Whereby positions in an organisation are filled according to the outcome of Voting.
This is an Appointment pattern.
Motivation and Discussion
An Election is a means of aggregating the opinions of individuals in the electorate to appoint positions. The positions may range across organisations or government, and involve differing degrees of judgement, decisiveness, or advocacy. Regardless of the position, the mechanism is such that the individual is seen as representing their electorate. This representation is what gives elected officials popular legitimacy.
Perceptions of legitimacy are largely limited to the electorate; the extent of the electorate across the population as a whole is described by the
pattern. Use of
also results in the formation of organisations for winning votes, particularly the Party.
The precise algorithm used for elections has a significant effect on the nature of appointments. There are many variations, summarised here in three dimensions - preference, rounds and members. The main difference within a dimension is between single and multiple instances.
. Voting is expressing a preference among options. Systems which accept a single preference are known as plurality or first past the post. As the largest aggregate vote wins, single preference systems favour the faction that can garner the widest possible consensus support for a single candidate, often across differing constituencies. Factions thus have a broad range of ideas and personalities, some mutually incompatible, rather than a more coherent vision. In multi-preference elections voters may select multiple candidates or rank them in order. More and more diverse candidates hence compete on the ballot before the voters. In multi-preference, there are more factions, each more ideologically coherent, but stricter intra-party discipline.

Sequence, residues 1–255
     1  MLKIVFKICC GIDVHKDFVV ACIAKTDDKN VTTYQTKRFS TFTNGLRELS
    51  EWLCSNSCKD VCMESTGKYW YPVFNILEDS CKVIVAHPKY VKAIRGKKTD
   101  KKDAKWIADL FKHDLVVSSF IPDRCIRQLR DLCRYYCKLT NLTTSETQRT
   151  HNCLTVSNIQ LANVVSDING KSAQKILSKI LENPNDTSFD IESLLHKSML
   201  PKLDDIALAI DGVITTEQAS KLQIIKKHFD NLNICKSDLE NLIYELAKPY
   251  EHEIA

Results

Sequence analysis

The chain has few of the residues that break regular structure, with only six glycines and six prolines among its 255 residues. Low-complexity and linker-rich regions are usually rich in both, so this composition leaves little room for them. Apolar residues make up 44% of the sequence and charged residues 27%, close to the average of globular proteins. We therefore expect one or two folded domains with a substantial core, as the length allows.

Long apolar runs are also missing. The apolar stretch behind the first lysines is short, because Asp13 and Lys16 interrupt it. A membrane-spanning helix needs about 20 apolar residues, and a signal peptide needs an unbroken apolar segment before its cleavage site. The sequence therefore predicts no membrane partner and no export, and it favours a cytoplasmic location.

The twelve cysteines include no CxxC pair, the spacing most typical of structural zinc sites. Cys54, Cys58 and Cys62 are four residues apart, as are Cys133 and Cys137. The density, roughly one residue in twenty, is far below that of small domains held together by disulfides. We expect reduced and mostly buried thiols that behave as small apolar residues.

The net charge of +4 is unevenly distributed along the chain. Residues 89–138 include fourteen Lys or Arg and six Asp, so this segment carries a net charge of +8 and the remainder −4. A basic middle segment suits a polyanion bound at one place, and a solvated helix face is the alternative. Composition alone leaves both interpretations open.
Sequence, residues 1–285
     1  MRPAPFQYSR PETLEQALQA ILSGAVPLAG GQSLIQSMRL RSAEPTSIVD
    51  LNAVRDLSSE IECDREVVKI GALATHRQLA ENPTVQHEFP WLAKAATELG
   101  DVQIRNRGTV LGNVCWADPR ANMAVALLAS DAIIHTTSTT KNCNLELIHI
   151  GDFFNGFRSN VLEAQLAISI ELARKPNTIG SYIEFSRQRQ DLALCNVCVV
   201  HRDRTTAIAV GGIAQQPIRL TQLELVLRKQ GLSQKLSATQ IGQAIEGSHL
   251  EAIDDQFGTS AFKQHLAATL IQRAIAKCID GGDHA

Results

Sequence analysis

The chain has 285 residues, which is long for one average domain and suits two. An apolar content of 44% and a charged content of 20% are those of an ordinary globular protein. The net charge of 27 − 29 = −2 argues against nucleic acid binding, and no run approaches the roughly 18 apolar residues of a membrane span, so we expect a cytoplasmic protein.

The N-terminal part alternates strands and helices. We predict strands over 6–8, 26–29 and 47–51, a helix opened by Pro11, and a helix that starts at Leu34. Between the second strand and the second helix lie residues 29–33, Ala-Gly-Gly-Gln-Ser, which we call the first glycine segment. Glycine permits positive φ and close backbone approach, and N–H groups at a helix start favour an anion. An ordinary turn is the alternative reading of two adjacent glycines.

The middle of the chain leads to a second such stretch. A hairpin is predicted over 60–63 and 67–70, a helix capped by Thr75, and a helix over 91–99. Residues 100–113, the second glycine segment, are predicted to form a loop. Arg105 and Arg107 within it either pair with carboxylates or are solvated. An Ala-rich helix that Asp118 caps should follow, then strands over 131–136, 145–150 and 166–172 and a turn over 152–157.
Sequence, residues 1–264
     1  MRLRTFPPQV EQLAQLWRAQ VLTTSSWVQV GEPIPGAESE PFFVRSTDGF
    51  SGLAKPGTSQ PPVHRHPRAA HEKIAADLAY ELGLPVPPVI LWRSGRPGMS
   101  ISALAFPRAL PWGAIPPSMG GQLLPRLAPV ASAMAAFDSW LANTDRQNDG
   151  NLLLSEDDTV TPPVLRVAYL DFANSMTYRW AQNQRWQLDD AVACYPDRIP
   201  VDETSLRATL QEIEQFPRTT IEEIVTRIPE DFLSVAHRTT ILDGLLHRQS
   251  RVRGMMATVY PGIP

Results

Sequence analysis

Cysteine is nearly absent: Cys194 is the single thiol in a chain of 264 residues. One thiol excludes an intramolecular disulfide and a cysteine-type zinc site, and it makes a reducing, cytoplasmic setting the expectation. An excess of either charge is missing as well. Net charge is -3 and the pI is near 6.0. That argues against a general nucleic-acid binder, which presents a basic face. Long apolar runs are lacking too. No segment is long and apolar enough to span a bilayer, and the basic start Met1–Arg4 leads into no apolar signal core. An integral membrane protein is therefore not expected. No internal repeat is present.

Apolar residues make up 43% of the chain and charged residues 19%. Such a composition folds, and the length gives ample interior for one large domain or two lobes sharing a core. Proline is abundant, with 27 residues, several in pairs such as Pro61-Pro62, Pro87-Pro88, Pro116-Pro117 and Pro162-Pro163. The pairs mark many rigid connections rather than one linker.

. Single round elections determine the outcome as the result of a single act of voting. This requires faith from the voter in the robustness of that single round of voting. Multi-round voting results in more factional trading, deals, and repositioning between rounds. Such greasy politics promotes backroom compromises, but also requires an explicit final commitment to the appointee by a greater portion of the electorate. This final round commitment can strengthen the popular mandate of the appointee.
. Single member electorates tend to elect candidates from major factions. The more members of an electorate there are, the more factions are represented in government positions. This can be viewed by the electorate as more representative and hence legitimate. Multi-member electorates tend to increase the job security of those periodically re-elected, as major factions are likely to receive sufficient votes.
More complicated compound structures, such as separate single- and multi-member electorates being elected from a single vote, also exist.
The Athenian democracy appointed its
, commanders in chief of the military, by Election. After Periclean reforms this became the only elected position.
Venice, The Serene Republic, appointed its supreme executive, the Doge, using a combination of Election and Sortition. German kings and the Holy Roman Emperor were appointed by small elite electorate of nobles. Under the Polish 'Elective Monarchy' the king was appointed by a parliament of greater and lesser aristocrats.
Board members of public companies are appointed by Election, with the electorate determined by the control of issued shares. Votes are weighted according to the control of voting stock.
Some districts in the United States appoint judges and district attorneys by Election.
Many governments use first past the post elections for government appointments, for example representatives to the lower houses of parliament in Britain, Canada and the United States are appointed in concurrent elections from geographically generated electorates. These are single member elections. The US has a very strong two-party duopoly. Britain and Canada have regional two-party duopolies with occassionally competitive three-cornered contests.